4 Months, 3 Weeks & 2 Days
Last year's Cannes Palme d'Or winner begins with a sense of purpose pitched just beyond our grasp. Two young women are sharing a room in what appears to be some sort of training college dorm. Otilia (Anamaria Marinca) is busily getting her friend Gabita (Laura Vasiliu) ready for a trip. It's not clear where she might be going or why, but she's taking the tablecloth with her. She wants some cigarettes. And Otilia is trying to borrow some money for her too. She goes off to meet her boyfriend, who wants her to come to his mother's birthday party that evening. She's reluctant, but can't explain why. In the end she promises to be there, and it's off on another errand for Gabita.
There's a grim determination about these enigmatic early scenes that puts you on notice writer-director Cristian Mungiu isn't going to be making any concessions here. Like last year's acclaimed Romanian "comedy" The Death of Mr Lazarescu, scenes are tracked in long, documentary-style takes. Each cut is like the end of a chapter. While the events of a day are telescoped into two hours' running time, this intensely claustrophobic technique conveys a powerful sense of realism and builds up a tremendous sense of suspense.
Most viewers will have an idea of what's coming from advance publicity or reviews - or, indeed, from deciphering that elliptical title. Whether you know it or not (and there will be SPOILERS in the next paragraph) the movie operates on a gnawing sense of dread as the reason for Gabita's excursion gradually becomes clear and Otilia is drawn into an ever more nightmarish scenario. In a way, this is the art movie equivalent of one of those torture porn horror movies everyone is so reproachful of, no matter that perhaps the most painful scene to watch is a celebratory dinner party, where everyone is oblivious to the heroine's suffering.
Mungiu presents the act of abortion front and centre, more graphically than you are likely to see anywhere outside right-to-life propaganda. Set in the late 1980s, during an Eastern bloc regime that is definitively history, it's not really an issues movie, but on that political level, like Vera Drake, it is no advertisement for termination, even as it makes it clear that the back street alternative is simply unconscionable.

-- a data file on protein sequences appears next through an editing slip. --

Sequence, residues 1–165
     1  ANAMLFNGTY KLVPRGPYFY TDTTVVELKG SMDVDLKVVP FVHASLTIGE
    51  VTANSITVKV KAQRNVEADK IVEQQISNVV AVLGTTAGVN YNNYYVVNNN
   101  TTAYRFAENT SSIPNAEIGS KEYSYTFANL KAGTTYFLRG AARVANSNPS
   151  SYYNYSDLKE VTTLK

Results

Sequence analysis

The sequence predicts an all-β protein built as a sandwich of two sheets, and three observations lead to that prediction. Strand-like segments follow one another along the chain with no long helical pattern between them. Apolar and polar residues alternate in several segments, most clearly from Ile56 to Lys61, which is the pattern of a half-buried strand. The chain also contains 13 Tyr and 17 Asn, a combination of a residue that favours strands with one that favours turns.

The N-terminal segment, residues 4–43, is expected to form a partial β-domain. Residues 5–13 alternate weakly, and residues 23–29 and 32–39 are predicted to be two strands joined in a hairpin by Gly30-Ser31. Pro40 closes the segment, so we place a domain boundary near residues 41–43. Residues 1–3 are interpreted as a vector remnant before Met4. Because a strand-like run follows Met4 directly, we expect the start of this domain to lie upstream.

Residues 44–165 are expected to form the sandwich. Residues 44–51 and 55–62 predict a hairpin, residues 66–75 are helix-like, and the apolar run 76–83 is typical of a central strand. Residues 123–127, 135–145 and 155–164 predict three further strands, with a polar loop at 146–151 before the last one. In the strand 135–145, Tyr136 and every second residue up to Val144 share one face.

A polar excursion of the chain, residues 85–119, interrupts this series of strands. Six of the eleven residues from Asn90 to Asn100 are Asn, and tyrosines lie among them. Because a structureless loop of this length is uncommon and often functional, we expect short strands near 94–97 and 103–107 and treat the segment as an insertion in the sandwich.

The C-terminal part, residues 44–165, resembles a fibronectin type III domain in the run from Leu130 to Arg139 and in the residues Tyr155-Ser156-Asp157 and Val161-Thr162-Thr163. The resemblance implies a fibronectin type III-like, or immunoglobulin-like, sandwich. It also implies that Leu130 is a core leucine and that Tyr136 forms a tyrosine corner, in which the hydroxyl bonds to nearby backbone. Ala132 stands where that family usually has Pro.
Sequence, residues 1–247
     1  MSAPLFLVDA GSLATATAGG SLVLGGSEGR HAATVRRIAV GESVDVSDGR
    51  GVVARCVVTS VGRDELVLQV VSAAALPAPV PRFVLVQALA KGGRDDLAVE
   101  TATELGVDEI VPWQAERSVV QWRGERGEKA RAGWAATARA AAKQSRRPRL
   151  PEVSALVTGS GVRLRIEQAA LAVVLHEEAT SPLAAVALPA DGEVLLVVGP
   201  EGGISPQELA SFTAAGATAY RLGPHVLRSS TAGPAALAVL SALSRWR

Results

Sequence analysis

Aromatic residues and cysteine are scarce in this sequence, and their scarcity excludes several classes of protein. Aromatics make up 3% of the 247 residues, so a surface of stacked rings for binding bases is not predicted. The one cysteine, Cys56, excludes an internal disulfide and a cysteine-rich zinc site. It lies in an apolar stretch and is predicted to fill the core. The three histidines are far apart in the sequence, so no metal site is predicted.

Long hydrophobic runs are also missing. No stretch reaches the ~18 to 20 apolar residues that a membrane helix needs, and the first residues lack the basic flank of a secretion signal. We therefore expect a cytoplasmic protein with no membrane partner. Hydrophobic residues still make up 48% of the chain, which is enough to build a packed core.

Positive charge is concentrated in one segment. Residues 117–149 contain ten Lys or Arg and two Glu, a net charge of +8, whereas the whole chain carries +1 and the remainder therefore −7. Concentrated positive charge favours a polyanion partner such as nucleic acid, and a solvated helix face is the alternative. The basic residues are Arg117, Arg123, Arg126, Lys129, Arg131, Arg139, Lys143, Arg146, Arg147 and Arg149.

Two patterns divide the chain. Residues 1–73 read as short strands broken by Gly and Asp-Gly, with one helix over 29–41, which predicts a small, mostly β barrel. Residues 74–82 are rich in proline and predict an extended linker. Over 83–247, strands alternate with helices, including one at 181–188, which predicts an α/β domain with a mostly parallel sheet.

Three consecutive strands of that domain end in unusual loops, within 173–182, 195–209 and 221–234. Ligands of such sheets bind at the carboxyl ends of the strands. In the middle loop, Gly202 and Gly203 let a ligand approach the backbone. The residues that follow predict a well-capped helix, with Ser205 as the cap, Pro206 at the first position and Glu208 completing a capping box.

This Romanian film's candor makes quite the contrast with the recent trio of US pregnancy comedies (Knocked Up; Waitress and the forthcoming Juno); it's clearly the product of an infinitely less sentimental and more punishing culture - which is partly the point. Mungiu is of an age to remember life behind the Iron Curtain, and whatever the opposite of nostalgia may be, this surely qualifies.
That said, at heart this is an ethical and moral drama - and for all the wretched behaviour we witness, it's really a film about a Good Samaritan who does her best to do right by her in many ways unworthy friend. You may not approve of the choices Otilia makes - she certainly does things many of us would think twice about - but her courage and fortitude are obvious. Anamaria Marinca's performance is simply staggering - in a just world she'd be picking up the Academy Award next month. But of course a just world would never produce such a harrowing, wrenching movie like this, or give us reason to suffer through it, and feel purged afterwards.